Internal Developments During the Samuel Regime
The period of Herbert Samuel's tenure as high commissioner for Palestine ( 1920-1925) not only saw the groundwork laid for the effective repudiation of the Balfour Declaration by the British government. It also witnessed developments within the Yishuv and the Zionist Organization that would have long-term consequences for the Zionist enterprise.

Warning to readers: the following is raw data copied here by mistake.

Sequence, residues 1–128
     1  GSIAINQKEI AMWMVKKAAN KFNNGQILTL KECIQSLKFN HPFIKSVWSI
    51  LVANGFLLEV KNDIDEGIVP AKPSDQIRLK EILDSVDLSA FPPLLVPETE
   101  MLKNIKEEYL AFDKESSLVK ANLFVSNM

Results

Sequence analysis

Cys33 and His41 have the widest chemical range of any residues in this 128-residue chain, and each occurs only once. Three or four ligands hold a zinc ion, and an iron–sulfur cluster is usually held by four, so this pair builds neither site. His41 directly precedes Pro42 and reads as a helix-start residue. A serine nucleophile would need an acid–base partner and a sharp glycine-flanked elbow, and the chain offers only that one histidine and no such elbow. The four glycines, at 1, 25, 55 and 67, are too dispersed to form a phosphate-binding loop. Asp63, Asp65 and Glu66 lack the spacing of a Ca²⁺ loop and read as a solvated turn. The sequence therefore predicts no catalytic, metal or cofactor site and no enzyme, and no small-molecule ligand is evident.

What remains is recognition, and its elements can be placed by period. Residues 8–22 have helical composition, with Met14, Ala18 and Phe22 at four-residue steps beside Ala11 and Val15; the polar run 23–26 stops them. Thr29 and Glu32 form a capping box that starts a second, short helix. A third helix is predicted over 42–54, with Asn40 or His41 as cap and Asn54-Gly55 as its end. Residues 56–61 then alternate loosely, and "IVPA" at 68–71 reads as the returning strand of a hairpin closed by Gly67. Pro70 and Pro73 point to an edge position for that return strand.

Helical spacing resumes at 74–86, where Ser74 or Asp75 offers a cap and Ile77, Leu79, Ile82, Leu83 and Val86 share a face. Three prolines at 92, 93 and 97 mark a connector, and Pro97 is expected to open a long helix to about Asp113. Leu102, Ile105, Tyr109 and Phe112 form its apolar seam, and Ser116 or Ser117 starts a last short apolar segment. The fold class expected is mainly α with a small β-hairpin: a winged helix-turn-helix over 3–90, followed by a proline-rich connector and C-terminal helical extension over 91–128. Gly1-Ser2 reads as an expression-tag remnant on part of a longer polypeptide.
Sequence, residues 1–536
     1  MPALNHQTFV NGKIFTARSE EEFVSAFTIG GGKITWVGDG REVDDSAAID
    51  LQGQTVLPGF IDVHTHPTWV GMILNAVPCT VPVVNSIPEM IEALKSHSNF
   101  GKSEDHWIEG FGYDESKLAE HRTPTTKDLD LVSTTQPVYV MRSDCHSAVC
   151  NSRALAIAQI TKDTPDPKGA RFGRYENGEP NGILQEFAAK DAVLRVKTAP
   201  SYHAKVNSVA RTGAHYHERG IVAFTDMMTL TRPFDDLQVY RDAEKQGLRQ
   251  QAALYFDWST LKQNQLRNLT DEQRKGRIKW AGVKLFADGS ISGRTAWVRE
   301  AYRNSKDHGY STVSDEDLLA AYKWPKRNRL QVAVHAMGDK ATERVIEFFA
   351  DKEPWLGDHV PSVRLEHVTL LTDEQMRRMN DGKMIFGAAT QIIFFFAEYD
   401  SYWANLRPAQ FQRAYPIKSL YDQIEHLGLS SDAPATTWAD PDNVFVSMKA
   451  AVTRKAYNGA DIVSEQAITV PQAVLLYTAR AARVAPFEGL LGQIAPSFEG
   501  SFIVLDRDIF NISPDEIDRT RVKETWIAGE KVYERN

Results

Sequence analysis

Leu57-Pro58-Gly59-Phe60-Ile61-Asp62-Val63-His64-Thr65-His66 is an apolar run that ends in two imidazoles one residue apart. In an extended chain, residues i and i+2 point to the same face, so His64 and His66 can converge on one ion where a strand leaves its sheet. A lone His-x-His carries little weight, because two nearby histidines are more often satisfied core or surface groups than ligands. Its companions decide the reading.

In addition to the two major Labor parties, Ahdut Ha'avodah and Hapoel Hatzair, there were a number of religious and other parties that played a significant role in the political organization of the Yishuv. One of the more prominent of these was the Mizrahi (a contraction of Mercaz Rubani, Spiritual Center), a world organization of religiously Orthodox Zionists founded in Vilnius, Lithuania, in 1902, by Rabbi Isaac Jacob Reines. The organization was brought into being largely as a reaction to the resolution passed at the Fifth Zionist Congress, in 1901, that called for the obligatory education of the Jewish masses in the spirit of nationalism. The religious Zionists understood this to mean the promotion of a secular outlook they feared would be destructive of traditional Judaism. The Mizrahi was intended to provide the alternative of a religiously oriented nationalist perspective. Mizrahi established a bureau in Palestine in 1912 but did not become active there until after World War I, when it began to organize branches throughout the country. The central executive of the world organization moved its headquarters to Jerusalem in 1920.